The effects of cancer treatment on fertility
Some cancers and cancer treatments can affect fertility in women and men. These effects may be temporary or permanent. This is particularly true for individuals with cancers caused by inherited mutations because they are more likely to be diagnosed at an earlier age, before they have completed their family.
Both men and women have options for preserving their fertility after a cancer diagnosis. National guidelines recommend that, if possible, oncologists speak with young adults with cancer about fertility preservation prior to starting treatment, but research shows that oncologists don’t always present all fertility options to their patients with cancer. Therefore it is important for patients to speak with their oncologist about their preferences and plans for having children and ask about their options for fertility preservation prior to beginning any treatment or surgery.
Fertility considerations for women with cancer
Some cancers and cancer treatments, especially gynecologic surgery and radiation and certain chemotherapies, can affect fertility in women. These effects may be temporary or permanent.
The following factors may influence the likelihood of chemotherapy affecting fertility:
- Type of chemotherapy: (e.g.,cyclophosphamide is often is used to treat breast cancer, but it has a high probability of causing infertility).
- Dose of chemotherapy
- A woman’s age and her ovarian reserve (i.e., the quality and quantity of her eggs). Older women have less ovarian reserve and therefore their fertility is more affected by chemotherapy treatment as compared to younger women.
Women who are diagnosed with cancer may have options to preserve their fertility. These options include:
- Menstrual suppression during chemotherapy
- Ovary shielding before radiation
- Egg freezing
- Embryo freezing
Not all experts agree that menstrual suppression protects fertility in premenopausal women who must undergo chemotherapy. Freezing embryos or eggs remains the best method to preserve fertility in women of reproductive age and is the most likely approach to result in pregnancy after cancer. Women diagnosed with cancer who are concerned about their fertility may wish to discuss the following topics with their providers:
- fertility implications before and after treatment.
- contraception after treatment.
- specific methods for fertility preservation such as freezing embryos, eggs, or ovarian tissue.
- medications to suppress menstruation and whether they may protect the ovaries during treatment with chemotherapy.
Fertility considerations for men diagnosed with cancer
Some cancers and cancer treatments, especially those that affect the urologic system, and certain chemotherapies, can affect fertility in men. The following factors may influence the effects of chemotherapy on fertility:
- Type of chemotherapy:
- Dose of chemotherapy
Men who are diagnosed with cancer may have options to preserve their fertility, such as freezing sperm before treatment or surgery. They should speak with their health care providers about their fertility preferences before beginning treatment.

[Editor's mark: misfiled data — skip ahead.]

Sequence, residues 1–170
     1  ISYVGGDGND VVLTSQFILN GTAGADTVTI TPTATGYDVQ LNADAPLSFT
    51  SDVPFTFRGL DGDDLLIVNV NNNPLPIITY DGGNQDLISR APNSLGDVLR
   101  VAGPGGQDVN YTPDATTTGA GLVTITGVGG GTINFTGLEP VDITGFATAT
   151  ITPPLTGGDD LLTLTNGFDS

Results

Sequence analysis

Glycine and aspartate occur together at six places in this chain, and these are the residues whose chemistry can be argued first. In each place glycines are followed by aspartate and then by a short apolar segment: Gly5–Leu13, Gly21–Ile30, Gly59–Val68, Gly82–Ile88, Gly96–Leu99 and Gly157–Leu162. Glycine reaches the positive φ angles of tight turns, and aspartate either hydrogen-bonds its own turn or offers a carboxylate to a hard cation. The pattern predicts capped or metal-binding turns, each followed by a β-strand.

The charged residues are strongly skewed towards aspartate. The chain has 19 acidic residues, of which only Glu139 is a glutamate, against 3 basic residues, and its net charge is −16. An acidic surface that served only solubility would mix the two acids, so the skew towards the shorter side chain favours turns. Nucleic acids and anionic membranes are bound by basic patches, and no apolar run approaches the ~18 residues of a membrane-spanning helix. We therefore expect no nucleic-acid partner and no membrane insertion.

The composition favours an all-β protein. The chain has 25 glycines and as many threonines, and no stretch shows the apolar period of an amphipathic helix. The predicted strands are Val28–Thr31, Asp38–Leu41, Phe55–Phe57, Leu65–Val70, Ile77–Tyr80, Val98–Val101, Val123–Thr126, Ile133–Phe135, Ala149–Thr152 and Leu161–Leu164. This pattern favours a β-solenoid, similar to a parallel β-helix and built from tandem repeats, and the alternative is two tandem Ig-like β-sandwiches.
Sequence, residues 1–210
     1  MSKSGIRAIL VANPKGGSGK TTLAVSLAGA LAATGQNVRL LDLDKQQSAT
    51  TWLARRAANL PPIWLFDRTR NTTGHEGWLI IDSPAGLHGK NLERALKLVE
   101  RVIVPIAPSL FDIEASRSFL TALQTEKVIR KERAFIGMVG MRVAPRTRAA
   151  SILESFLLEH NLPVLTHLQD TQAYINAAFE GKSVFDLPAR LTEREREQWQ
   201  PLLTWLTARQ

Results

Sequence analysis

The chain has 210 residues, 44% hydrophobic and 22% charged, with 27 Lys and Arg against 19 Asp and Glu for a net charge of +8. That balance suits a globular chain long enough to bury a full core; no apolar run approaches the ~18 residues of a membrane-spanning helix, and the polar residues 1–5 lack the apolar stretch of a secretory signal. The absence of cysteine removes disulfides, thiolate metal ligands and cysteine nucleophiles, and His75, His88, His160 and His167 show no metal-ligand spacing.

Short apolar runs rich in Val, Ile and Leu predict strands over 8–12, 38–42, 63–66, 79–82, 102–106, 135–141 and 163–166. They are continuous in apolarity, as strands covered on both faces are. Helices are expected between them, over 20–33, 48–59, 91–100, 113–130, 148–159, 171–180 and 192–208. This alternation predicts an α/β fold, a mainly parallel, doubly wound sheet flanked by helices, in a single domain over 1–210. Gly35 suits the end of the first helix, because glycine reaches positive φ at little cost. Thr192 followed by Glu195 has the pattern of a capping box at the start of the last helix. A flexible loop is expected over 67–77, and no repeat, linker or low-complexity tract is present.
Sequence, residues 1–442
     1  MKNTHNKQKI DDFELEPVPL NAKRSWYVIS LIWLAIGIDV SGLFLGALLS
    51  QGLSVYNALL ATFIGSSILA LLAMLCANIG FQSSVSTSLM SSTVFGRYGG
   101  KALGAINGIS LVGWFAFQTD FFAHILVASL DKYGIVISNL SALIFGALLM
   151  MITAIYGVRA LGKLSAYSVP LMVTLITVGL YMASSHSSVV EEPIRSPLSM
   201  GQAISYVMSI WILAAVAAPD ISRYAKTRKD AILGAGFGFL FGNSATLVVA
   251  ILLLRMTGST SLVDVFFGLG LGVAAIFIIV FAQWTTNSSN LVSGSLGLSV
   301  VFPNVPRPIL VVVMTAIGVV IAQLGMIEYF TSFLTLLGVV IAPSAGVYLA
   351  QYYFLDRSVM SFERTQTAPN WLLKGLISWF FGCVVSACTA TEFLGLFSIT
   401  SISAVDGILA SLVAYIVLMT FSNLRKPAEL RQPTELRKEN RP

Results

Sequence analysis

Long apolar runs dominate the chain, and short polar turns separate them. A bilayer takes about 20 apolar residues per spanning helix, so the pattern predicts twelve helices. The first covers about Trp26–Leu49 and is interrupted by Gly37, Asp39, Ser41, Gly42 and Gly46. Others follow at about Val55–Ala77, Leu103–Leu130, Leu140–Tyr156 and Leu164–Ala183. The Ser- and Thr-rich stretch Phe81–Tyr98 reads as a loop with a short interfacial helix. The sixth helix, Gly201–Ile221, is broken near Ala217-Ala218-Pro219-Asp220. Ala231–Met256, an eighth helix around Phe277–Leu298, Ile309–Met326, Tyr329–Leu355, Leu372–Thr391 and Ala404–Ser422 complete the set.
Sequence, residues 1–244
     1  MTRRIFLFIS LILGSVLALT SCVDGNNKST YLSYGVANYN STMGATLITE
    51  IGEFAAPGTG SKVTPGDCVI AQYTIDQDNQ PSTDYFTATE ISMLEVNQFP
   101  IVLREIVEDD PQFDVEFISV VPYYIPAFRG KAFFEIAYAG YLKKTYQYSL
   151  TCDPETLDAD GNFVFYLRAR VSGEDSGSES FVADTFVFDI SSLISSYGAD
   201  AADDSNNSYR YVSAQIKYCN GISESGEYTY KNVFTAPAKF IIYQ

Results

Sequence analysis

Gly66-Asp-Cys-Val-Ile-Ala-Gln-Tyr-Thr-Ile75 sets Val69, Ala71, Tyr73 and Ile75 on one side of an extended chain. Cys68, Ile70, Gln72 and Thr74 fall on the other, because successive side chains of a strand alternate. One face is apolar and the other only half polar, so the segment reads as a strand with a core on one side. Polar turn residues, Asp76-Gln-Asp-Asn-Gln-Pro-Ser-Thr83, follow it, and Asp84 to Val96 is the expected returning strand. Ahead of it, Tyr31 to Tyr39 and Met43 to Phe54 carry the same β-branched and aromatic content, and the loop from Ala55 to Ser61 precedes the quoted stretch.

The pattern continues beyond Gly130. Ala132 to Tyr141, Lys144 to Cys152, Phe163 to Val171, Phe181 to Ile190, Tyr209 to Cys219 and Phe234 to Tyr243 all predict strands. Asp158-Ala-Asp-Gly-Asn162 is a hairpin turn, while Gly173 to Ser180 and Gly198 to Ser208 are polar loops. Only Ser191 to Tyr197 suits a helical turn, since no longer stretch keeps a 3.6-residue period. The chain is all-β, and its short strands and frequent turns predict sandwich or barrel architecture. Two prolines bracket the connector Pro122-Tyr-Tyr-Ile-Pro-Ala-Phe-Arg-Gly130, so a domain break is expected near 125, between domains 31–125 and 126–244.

- If you are in your reproductive years and have been diagnosed with cancer, or you are considering steps to lower your cancer risk that will interfere with your fertility, you should request referral to a fertility expert.
- The Oncofertility Consortium maintains a national database of healthcare providers with expertise in fertility preservation and treatment of people who are diagnosed with cancer or at high risk for cancer due to an inherited mutation.
Studies looking at fertility preservation in women
NCT01843140: Assessing Reproductive Outcomes in Young Female Cancer Survivors Through a National Fertility Preservation Registry. The FIRST project is a national fertility preservation registry for young women facing cancer treatments.
NCT03011684: Fertility Preservation Using Tamoxifen and Letrozole in Estrogen Sensitive Tumors Trial (TALES). Letrozole plus gonadotropin and tamoxifen plus gonadotropin are currently used for fertility preservation in patients with estrogen-receptor-positive breast cancer, it is not clear which of the two might lead to improved oocyte yield.
NCT01558544: Cryopreservation of Ovarian Tissue. The study hopes to contribute to the development of technologies of ovarian tissue freezing-thawing the preserve fertility. The study is open to women who will undergo treatment or surgery for cancer or women with an inherited mutation who are considering undergoing risk-reducing surgery.
NCT01788839: Longitudinal Sexual and Reproductive Health Study of Women With Breast Cancer and Lymphoma. The purpose of this study is to see how cancer treatment affects sexual and reproductive function.
- NCT00823654: Serum Biomarkers to Characterize the Effects of Therapy on Ovarian Reserve in Premenopausal Women with Early-stage Breast Cancer or BRCA Mutations. The purpose of this study is to see how breast cancer treatment affects the ovaries of women with a BRCA mutation.
- NCT02308085: Pregnancy Outcome and Safety of Interrupting Therapy for Women With Endocrine Responsive Breast Cancer (POSITIVE). The purpose of this study is to evaluate the safety of stopping endocrine therapy early for women to become pregnant.
Studies looking at fertility preservation in men
NCT02972801: Testicular Tissue Cryopreservation for Fertility Preservation. Testicular tissue cryopreservation is an experimental procedure where testicular tissue is retrieved and frozen. This technique is reserved for young male patients, with the ultimate goal that their tissue may be used in the future to restore fertility when experimental techniques emerge from the research pipeline.
NCT02431000: Male Fertility and Sperm Cryopreservation. The goal of the study is to assess the feasibility and outcomes of male fertility preservation by sperm freezing prior to starting treatment.